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With President Trump saying he wants “the country opened” by Easter to salvage the U.S. economy, a fierce debate is now raging among policymakers over the necessity of shutting down vast swaths of American society to combat the novel coronavirus.

Health experts point to overwhelming evidence from around the world that closing businesses and schools and minimizing social contact are crucial to avoid exponentially mounting infections. Ending the shutdown now in America would be disastrous, many say, because the country has barely given those restrictions time to work, and because U.S. leaders have not pursued alternative strategies used in other countries to avert the potential deaths of hundreds of thousands.

But in recent days an increasing number of political conservatives have argued that the economic cost is too high. At a town hall broadcast Tuesday, Trump suggested dire consequences if at least some economic sectors aren’t restored.

“You’re going to lose more people by putting a country into a massive recession or depression,” Trump said. “You’re going to have all sorts of things happen, you’re going to have instability. You can’t just come in and say let’s close up the United States of America, the biggest, the most successful country in the world by far."

At the event, Trump amplified a message that has been bubbling among conservative pundits in recent days. Speaking of the economy, he said, “The faster we go back, the better it’s going to be.”

The stance has many worried, including some in the president’s own party. “There will be no normally functioning economy if our hospitals are overwhelmed and thousands of Americans of all ages, including our doctors and nurses, lay dying because we have failed to do what’s necessary to stop the virus,” Rep. Liz Cheney (R-Wyo.), the House’s highest-ranking Republican woman, wrote in a Tuesday tweet.

But the greatest alarm has come from scientists, epidemiologists and health experts who have spent the past three months studying the new coronavirus and have witnessed the destructive, contagious swath it has cut through other countries.

“To be a week into these restrictions and already be talking about abandoning them is irresponsible and dangerous,” said Tom Inglesby, director of the Johns Hopkins Center for Health Security. Removing restrictions now would allow the virus, he said, to “spread widely, rapidly, terribly, and could kill potentially millions in the year ahead with huge social and economic impact.”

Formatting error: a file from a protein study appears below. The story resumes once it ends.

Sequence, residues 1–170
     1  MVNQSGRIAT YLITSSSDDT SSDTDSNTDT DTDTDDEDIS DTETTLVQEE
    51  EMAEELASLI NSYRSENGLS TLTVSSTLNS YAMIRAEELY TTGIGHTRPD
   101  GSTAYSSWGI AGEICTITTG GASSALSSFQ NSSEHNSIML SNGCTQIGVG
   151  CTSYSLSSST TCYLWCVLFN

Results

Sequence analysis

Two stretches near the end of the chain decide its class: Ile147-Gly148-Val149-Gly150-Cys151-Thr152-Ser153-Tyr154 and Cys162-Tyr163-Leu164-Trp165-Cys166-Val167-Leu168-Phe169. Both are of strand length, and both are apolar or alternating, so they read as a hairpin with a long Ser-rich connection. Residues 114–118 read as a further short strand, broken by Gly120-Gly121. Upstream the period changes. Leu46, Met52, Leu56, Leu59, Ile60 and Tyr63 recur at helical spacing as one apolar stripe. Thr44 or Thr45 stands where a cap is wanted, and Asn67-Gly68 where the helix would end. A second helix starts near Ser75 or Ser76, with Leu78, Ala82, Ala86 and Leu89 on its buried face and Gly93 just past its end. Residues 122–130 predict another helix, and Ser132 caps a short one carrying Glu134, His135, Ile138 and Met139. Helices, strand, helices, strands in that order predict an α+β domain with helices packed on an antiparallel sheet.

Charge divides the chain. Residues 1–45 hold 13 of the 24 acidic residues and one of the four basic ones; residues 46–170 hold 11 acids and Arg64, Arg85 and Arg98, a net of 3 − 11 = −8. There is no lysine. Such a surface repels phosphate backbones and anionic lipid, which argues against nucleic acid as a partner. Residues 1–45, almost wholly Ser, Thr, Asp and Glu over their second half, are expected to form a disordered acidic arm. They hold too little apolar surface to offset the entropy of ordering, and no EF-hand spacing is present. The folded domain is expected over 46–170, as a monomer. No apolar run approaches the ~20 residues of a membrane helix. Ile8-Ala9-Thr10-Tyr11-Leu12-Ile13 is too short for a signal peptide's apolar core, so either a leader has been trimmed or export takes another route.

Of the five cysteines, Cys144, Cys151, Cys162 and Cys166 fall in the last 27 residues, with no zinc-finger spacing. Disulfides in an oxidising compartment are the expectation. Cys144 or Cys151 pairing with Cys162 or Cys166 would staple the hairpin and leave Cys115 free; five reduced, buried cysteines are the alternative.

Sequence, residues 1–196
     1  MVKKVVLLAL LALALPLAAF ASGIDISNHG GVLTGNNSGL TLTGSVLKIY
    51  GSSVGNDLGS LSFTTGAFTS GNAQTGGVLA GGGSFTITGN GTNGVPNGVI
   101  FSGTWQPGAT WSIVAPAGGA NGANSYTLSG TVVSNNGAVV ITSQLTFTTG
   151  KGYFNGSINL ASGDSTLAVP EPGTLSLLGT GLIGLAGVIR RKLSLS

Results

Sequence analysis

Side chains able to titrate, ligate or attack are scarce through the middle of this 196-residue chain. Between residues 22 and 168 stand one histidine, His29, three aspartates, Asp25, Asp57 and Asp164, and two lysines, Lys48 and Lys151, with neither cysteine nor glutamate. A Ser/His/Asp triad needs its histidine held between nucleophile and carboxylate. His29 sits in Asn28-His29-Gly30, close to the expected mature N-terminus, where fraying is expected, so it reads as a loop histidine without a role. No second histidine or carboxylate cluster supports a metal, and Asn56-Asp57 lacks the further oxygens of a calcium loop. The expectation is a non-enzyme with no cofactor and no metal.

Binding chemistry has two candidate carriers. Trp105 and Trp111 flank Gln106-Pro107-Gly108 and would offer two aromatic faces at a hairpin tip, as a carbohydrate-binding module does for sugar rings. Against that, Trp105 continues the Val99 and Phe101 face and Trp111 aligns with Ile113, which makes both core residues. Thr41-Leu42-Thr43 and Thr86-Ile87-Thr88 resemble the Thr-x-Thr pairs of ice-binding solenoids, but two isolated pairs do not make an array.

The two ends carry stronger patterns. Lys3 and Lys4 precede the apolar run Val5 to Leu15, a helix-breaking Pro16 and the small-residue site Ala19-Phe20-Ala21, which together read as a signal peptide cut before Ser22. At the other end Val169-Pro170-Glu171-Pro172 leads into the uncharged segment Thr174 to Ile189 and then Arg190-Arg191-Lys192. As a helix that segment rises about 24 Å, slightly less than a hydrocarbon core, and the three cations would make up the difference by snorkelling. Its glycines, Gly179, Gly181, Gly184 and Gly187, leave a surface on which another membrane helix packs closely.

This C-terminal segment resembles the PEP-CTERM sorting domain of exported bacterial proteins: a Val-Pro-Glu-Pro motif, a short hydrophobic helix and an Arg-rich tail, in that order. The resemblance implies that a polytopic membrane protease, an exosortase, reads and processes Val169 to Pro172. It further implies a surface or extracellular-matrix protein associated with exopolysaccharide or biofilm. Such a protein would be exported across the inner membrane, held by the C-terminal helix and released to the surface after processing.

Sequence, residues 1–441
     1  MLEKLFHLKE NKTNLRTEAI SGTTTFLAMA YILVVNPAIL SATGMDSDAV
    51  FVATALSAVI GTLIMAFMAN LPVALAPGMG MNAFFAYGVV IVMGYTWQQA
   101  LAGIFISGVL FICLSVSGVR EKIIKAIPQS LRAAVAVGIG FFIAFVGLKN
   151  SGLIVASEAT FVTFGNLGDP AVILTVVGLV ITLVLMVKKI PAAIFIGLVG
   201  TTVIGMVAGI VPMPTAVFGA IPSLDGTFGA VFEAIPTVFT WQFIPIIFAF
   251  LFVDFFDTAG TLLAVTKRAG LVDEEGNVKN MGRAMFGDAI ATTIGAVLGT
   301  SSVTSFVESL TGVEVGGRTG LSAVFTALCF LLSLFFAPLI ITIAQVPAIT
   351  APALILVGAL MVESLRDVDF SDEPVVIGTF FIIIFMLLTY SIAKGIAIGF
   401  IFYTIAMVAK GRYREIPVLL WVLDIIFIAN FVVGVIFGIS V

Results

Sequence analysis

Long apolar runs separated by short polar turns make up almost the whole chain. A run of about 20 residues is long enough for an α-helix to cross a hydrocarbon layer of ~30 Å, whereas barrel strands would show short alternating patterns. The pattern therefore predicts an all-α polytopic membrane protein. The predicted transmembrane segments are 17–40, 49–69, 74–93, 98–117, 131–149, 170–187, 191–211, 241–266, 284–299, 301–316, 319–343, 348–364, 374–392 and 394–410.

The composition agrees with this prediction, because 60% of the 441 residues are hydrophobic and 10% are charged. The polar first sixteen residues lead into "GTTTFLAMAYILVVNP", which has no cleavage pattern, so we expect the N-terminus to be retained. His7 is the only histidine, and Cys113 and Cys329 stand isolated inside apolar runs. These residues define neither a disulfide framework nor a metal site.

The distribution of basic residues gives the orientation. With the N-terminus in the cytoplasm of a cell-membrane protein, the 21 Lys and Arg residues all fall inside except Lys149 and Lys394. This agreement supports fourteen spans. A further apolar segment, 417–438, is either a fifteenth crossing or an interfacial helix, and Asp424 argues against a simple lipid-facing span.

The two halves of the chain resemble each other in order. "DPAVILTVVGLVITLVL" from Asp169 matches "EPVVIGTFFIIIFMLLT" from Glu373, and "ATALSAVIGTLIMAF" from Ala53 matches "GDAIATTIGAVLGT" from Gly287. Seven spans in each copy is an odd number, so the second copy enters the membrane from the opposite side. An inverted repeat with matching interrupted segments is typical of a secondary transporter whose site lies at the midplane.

While not mentioning the president by name, Bill Gates — who co-founded Microsoft and now leads a global health foundation — rebuked Trump’s approach in a Tuesday interview with TED: “There really is no middle ground, and it’s very tough to say to people: ‘Hey, keep going to restaurants, go buy new houses, ignore that pile of bodies over in the corner. We want you to keep spending because there’s maybe a politician who thinks GDP growth is all that counts.’”

State leaders say the simplistic debate — pitting the health of America’s economy against the health of its citizens — has also laid bare the pressing need for a long-term national strategy from the federal government, which by all public indications does not yet exist.

New York Gov. Andrew M. Cuomo (D) said Monday that Trump’s framing of the situation as a choice between saving businesses or saving lives was unhelpful. “You have to walk and chew gum in life,” Cuomo said. No executive “has the luxury of being one-dimensional.”

To ease current restrictions even slightly without a massive increase in the U.S. death toll, some epidemiological models show, the country must first put in place other strategies — like the large-scale contact tracing of infections being done in South Korea, which local health departments simply do not have the capacity to do.

There would also need to be widespread testing, which remains limited, to understand the scope of the problem and to give economists and epidemiologists data they currently lack to analyze the costs and benefits of such decisions.

Novel alternatives could also prove essential, like blood tests to identify people who have already recovered from infection and gained immunity, because those people could provide a workforce to restart the economy and quarantines could be applied more strategically rather than to every American.

“We don’t have the strategy or tools we need to be talking about ‘relax restrictions,’” said Caitlin Rivers, an epidemiologist at the Johns Hopkins Center for Health Security. “We need to be trying to get them as fast as possible. That’s why you have a federal government.”

Is the cure worse than the problem?